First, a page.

The big summer transfer saga involves Arsenals captain Cesc Fabregas and former club Barcelona. Cesc has made no secret of his desire to rejoin his boyhood club at some stage in his career and Mr Wenger understands this, but the antics of Barcelona and their players trying to lure Cesc has boarded on ridicule! First of all Puyol (and Liverpools own Pepe Reina) forced the Barcelona shirt onto young Cesc whilst celebrating Spain’s famous World Cup win, vacating Barca president Joan Laporta has also made various comments to the media about Barcelona’s desire to sign Fabbers.
The whole episode stinks, even the Barca players have come out publically and demanded that Fabregas should and will join Barcelona. Im sure that the Catalan giants are a bit miffed at how Arsenal signed Fabregas from them as a kid but this pursuit of a player is just not right. The lack of respect and class shown by Barcelona is ignored by most fans as people associate Barcelona with beautiful free flowing football and not these dirty under hand tactics.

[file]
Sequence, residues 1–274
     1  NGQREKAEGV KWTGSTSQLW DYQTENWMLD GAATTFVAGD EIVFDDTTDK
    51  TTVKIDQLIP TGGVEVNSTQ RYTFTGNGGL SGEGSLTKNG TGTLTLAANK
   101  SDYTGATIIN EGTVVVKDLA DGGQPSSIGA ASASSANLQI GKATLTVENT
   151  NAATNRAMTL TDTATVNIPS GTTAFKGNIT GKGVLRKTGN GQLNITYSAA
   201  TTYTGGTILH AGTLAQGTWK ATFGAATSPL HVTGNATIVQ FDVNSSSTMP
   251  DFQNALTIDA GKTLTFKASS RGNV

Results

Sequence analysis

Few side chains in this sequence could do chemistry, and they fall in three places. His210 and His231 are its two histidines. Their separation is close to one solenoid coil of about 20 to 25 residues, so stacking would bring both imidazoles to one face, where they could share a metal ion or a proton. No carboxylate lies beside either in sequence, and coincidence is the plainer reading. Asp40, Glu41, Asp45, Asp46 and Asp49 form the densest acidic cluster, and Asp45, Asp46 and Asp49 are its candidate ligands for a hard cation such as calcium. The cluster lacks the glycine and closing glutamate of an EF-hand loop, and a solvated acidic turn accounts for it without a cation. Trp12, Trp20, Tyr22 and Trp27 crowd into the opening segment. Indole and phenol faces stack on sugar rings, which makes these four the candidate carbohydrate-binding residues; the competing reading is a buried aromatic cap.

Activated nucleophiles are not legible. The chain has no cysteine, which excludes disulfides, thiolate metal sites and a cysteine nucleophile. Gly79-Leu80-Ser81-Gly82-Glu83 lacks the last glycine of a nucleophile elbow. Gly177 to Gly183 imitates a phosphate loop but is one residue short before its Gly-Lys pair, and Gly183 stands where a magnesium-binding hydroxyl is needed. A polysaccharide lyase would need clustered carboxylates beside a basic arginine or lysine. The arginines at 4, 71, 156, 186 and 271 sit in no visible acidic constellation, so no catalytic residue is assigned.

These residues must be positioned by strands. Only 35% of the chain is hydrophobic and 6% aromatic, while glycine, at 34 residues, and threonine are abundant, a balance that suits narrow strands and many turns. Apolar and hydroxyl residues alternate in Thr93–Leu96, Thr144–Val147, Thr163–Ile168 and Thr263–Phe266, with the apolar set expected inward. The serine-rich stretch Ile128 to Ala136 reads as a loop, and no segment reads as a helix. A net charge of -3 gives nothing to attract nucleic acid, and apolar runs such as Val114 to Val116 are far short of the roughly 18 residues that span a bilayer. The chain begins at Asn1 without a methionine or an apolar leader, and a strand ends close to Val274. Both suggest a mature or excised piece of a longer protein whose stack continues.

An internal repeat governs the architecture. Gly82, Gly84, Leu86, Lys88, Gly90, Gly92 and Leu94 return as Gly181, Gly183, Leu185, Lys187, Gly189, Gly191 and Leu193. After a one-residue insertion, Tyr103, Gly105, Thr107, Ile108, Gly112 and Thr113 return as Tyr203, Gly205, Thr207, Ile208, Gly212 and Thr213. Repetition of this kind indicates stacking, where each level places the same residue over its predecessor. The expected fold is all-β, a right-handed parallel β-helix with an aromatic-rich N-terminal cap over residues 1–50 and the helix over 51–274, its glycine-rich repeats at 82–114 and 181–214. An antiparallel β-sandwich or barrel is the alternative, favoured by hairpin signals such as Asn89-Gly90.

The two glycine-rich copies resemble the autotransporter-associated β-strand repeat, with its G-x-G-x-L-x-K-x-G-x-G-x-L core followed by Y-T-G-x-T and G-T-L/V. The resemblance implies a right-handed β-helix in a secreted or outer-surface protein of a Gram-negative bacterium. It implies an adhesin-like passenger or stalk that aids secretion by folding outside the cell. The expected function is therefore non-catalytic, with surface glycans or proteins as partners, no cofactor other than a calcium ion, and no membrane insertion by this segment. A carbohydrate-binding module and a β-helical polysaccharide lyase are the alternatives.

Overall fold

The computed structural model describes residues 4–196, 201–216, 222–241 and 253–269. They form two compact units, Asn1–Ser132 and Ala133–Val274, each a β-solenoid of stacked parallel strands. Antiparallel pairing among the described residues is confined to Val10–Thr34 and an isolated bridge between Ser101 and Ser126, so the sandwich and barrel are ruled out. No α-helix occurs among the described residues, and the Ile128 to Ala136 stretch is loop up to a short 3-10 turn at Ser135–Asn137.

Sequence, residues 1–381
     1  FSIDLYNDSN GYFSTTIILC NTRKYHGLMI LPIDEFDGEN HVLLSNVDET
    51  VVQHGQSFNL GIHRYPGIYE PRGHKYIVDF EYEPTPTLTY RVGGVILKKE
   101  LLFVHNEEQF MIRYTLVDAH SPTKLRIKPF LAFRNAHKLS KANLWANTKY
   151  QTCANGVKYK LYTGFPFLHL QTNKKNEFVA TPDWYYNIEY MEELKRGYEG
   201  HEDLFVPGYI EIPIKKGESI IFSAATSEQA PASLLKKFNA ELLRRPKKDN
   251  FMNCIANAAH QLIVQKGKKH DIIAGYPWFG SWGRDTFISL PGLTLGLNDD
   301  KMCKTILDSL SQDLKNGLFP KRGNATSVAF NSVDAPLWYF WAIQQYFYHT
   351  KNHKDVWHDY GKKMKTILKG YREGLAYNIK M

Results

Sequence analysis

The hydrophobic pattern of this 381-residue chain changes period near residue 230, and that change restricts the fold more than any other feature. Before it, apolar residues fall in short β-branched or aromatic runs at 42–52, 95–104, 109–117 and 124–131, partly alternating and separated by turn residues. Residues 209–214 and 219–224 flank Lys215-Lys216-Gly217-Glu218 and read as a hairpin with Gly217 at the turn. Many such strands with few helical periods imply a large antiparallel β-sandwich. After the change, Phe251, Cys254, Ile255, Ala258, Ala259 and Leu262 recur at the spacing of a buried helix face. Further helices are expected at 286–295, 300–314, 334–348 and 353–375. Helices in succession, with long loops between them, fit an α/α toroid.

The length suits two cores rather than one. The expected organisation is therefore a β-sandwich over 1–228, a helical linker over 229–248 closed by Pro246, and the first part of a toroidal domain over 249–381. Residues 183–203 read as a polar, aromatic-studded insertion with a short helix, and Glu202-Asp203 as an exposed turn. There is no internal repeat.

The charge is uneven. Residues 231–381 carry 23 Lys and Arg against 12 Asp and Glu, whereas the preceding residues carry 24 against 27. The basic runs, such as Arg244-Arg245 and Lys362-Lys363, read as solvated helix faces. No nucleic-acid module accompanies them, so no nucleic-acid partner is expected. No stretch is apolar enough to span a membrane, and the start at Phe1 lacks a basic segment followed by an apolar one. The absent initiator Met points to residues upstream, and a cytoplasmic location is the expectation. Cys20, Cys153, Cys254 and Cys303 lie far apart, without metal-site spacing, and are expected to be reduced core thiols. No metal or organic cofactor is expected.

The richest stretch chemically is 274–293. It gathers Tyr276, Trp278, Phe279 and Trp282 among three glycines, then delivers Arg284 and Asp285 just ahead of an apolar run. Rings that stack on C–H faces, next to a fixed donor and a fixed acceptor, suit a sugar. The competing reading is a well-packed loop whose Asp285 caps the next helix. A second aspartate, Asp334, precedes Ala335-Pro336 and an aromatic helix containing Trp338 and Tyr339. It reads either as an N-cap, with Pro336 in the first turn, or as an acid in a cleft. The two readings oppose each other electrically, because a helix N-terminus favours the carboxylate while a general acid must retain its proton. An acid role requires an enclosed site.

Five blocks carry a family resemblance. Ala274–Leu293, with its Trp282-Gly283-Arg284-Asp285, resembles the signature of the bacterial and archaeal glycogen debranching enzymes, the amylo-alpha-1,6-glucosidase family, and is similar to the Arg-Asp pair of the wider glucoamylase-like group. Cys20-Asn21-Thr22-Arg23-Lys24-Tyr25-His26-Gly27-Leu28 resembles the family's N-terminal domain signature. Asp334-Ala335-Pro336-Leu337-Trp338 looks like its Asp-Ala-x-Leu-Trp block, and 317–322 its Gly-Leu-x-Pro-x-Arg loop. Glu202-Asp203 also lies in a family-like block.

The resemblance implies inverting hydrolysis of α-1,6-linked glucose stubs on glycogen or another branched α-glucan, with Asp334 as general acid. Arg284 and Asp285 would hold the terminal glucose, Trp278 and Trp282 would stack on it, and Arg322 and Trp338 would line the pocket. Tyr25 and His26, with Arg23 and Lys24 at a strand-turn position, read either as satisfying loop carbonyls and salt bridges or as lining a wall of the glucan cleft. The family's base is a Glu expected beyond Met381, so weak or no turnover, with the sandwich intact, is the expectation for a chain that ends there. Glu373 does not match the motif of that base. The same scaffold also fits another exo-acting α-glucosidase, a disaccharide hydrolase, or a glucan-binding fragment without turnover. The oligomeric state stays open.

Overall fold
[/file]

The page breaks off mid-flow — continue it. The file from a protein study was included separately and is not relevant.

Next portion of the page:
All during this tug-of-war Arsenal and Arsene Wenger have remained with a sense of calm and dignity, a complete contrast to Barcelona’s attempted daylight robbery of Fabregas. It’s the most obvious case of tapping up I have ever seen yet the devious and underhand way which it was conducted means it will go unpunished by FIFA. As the players of a club are not official representatives, therefore any punishment handed out would have to be on an individual basis and not at Barcelona as a club. Even Laporta’s comments will go unpunished as he will no longer be president at the Nou Camp, making way for Sandro Rosell.
We all know that tapping up exists in football, it has done for years but it is normally done in private between the player a third party. Yet the way the Spanish media, the club and their players have conducted themselves is a disgrace. The English Premier League may produce and import some unsavory characters but at least our clubs conduct themselves with respect and dignity unlike our Spanish counterparts.